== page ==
With some reluctance Luc reached for his bottle of prescribed pills and dry swallowed one of the little things that were supposed to help him fall quickly into a deep sleep. The type of sleep where you didn’t dream. They took a while to kick in, so he went through his nighttime routine, then crawled back in between the sheets.

Turned the lamp off.

A few minutes later he tapped it once, to make the light come on to its dimmest setting. Then he tried to sleep.



“LUC! GET the fuck up!”

He was up. He just wasn’t dressed. Or out of bed.

Luc rolled over, checked the clock, groaned, and rolled out of the other side of his small bed, to the side with his clothes. Since he was the youngest he had the smallest bedroom, one which had barely enough room for a bed, let alone a proper closet. He had tried, once, to put all of his clothes away in the drawers, and they just didn’t fit. Not even when he folded up everything he owned extra neatly and stacked it all in even piles. Luc’s friend Jay affectionately referred to the mess in the room as Luc’s “floor-drobe.”

It was fairly easy to find what he wanted. Over the past year or two he’d collected eight identical pairs of Gap’s black skinny jeans, all in the same size and style. They were just long enough to tuck into his black Chucks, and he wore one of a collection of band T-shirts over the top.

Since he’d showered the night before, all he had to do was brush and style his inky black hair in a swoop over his forehead and sketch a tiny amount of black kohl over his eyelids, carefully lining them.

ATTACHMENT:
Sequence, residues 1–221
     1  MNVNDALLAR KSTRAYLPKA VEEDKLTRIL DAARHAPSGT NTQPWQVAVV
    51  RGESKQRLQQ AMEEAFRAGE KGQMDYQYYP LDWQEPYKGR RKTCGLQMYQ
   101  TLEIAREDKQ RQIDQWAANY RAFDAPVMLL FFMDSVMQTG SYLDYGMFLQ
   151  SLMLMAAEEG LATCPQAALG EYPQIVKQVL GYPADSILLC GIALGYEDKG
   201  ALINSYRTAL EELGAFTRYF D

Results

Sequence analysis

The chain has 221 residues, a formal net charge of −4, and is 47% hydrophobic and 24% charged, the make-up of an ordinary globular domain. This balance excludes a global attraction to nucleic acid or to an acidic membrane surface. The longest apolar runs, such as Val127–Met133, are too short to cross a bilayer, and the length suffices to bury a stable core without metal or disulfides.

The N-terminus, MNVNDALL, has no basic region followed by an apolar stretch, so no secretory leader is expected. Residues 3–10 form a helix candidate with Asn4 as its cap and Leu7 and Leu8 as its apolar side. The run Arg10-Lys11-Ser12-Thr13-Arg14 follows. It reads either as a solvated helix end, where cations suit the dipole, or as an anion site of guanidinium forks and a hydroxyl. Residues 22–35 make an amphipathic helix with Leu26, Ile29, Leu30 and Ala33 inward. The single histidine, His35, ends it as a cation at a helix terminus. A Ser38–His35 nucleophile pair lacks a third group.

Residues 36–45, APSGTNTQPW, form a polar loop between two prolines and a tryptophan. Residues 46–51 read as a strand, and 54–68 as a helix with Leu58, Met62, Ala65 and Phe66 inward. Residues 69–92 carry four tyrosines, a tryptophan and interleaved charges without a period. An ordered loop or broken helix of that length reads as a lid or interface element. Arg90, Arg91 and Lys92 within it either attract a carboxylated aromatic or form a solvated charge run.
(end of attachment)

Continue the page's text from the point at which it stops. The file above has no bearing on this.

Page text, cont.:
Luc kept his bag packed by his bedroom door so he just needed to grab it and leave the house, and there—less than fifteen minutes and he was on his way down the stairs and out the door.

“I have breakfast ready for you,” his sister called as he passed the kitchen.

“No, thanks,” he mumbled and grabbed his leather jacket from the peg. Luc shrugged it on, slung the backpack over his shoulder, and let the door slam behind him.

As soon as he was outside, he grabbed his packet of tobacco and rolled a cigarette with deft fingers, then lit it with hands that would tremble until the first hit of nicotine. He exhaled heavily and started toward the subway.

The kids online were usually impressed that he lived in New York City, but now that he’d lived here for a few months, he was convinced it was nowhere near as cool as people thought. The morning rush hour was insane. There was never enough room on the subway, so he usually ended up smushed into some businessman’s armpit during his journey. That was what happened when you were short and good at making yourself invisible.

While many other teenagers were desperate to escape to New York City, Luc had decided when he graduated he was going to go to Seattle, the indie music capital of the United States.

His high school, Millennium High, was in the middle of Manhattan, which meant he had to catch one of the busiest trains in history to get there every day. He had gotten pretty good at daydreaming while listening to the music on his prized iPhone at full blast. He definitely could concentrate on two things at once. Or maybe one canceled the other out; he wasn’t sure.

Luc was intrigued by the blogger he’d been online stalking the night before—the photographer. The revelation that the guy was deaf made him feel weird. He definitely didn’t want to feel sorry for the guy. He’d been on the receiving end of a stranger’s sympathy before, and it sucked.

With death metal blaring into his ears at a volume designed to make them bleed, Luc’s thoughts turned to just how precious his hearing actually was. Feeling guilty for a reason he couldn’t name, he turned the volume down a few notches.